- CERi Programs
- Ethics of CER
- CER Network
- Partnering with neighbourhood houses to recognize inequities in South Vancouver neighbourhoods
- Finding hope and healing through CER
- Tammara Soma on Reimagining Food Systems in Communities for Below the Radar
- Namiko Kunimoto on Exploring Japanese Culture and History Through Visual Art for Below the Radar
- Joseph Mwesigwa Ssendikaddiwa on the experience of being a CERi graduate fellow
- Recap: Cultural Sensitivity and Community-Engaged Research
- Understanding the sexual and reproductive health access of young im/migrant women: A community engagement project
- Gardening Initiative Helps to Address Food Insecurity
- Innovative Research That's Advancing Equity
- Symposium Panel Spotlight on Research as Advocacy: Collaborative Inquiry Meets Material Practice
- Symposium Panel Spotlight on Art-ful Engagement in Small Cities: Beyond the Project
- Symposium Panel Spotlight on Land as Life: Ongoing Institutional Resistance and Survivance in Pandemic Times
- Heather De Forest on the Collective Power of Academic Libraries for Below the Radar
- Recap: Approaching Community-Engaged Research Through a Trauma Informed Lens
- Empowering youth in Surrey through leadership
- Introducing Namiko Kunimoto, CERi Researcher-in-Residence
- LGBTQ2 Communities and SFU Students Come Together to Improve Access to Mental Health Services
- Introducing Tammara Soma, CERi Researcher-in-Residence
- Angela Kaida on Engaging Community in HIV Research for Below the Radar
- Introducing Justine Chambers, CERi Artist-in-Residence
- Jessie Williams joins CERi Advisory Board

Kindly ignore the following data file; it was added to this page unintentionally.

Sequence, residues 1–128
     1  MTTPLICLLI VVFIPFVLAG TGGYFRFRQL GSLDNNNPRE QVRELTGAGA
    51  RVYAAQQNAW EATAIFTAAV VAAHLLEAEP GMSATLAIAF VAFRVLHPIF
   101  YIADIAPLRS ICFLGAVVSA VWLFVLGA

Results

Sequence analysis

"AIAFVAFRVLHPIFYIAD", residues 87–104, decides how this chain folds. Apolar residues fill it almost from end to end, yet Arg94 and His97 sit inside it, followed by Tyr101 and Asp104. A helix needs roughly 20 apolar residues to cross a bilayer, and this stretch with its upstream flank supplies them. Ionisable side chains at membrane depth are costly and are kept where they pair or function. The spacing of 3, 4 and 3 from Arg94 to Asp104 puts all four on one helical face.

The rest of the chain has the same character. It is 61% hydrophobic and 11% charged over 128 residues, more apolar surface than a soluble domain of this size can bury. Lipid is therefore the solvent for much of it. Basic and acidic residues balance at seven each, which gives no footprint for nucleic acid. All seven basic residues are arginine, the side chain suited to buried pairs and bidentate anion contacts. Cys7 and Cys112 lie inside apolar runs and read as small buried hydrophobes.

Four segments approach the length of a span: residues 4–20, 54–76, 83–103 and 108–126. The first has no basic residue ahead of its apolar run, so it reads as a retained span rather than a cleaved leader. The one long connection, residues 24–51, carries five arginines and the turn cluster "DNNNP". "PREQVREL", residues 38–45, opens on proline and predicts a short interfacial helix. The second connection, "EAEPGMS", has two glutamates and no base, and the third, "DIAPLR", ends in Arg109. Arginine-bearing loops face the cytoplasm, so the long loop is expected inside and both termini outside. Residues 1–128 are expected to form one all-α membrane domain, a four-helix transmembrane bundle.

- Upcoming Events
Recap: Cultural Sensitivity and Community-Engaged Research
What is cultural sensitivity and how can we forge spaces to uplift and centre the voices, experiences, and expertise of racialized communities?
That’s one of the questions that was posed during CERi’s third webinar of the Remaking the Table series which focused on an exploration of how we can strive to cultivate a collective toolkit for culturally sensitive community engaged research.
The conversation took place Feb. 17 and was facilitated by Jackie Wong, Community Strategic Initiatives Associate at CERi. She spoke with Bảo Vệ Collective co-founders Y Vy Truong, Public and Community Engagement, Mimi Nguyen, COVID-19 Project Lead and kathy thai, Design and Communications.
The trio first came together in March 2020 to create a space for people to have conversations and build resources to help sustain the health of their community. They launched bilingual Vietnamese and English resources that provided information on federally funded aid programs and centred on empowering Vietnamese youth in creating equitable communities.
They spoke about how power doesn’t manifest by itself and the importance of being aware of the historical relationships that we have with other communities prompting the question: how do communities with less power feel?
“Cultural differences and similarities are neither positive nor negative because nothing is really inherently one or another, but what is true is the fact that some communities are given more visibility than others, and when visibility and having a voice to be heard that is a privilege and a power,” said Nguyen.
Cultural differences and similarities are neither positive nor negative because nothing is really inherently one or another, but what is true is the fact that some communities are given more visibility than others, and when visibility and having a voice to be heard that is a privilege and a power
They stressed the need to be aware of positionality and the power derived from that. “[We need to] remind ourselves that people are not ornamental, they are not chess pieces, they are the core of this work,” said thai.
Truong pointed out how the pandemic brought out social and economic inequalities that have been longstanding issues, which have led to the feelings of discomfort for many people and that we need to reflect on what is our responsibility within the system.
For Nguyen and thai, a starting point for equitable outcomes includes self-reflections on the structure of relationships, noting that everyone needs to find the energy to do culturally sensitive work and those difficult conversations are important to engage in with others.
Wong closed the session, by identifying that the focus shouldn’t be on the underserved communities, rather it should be on how shared space affects others and that we need to understand the community, so we can work together to meet their needs.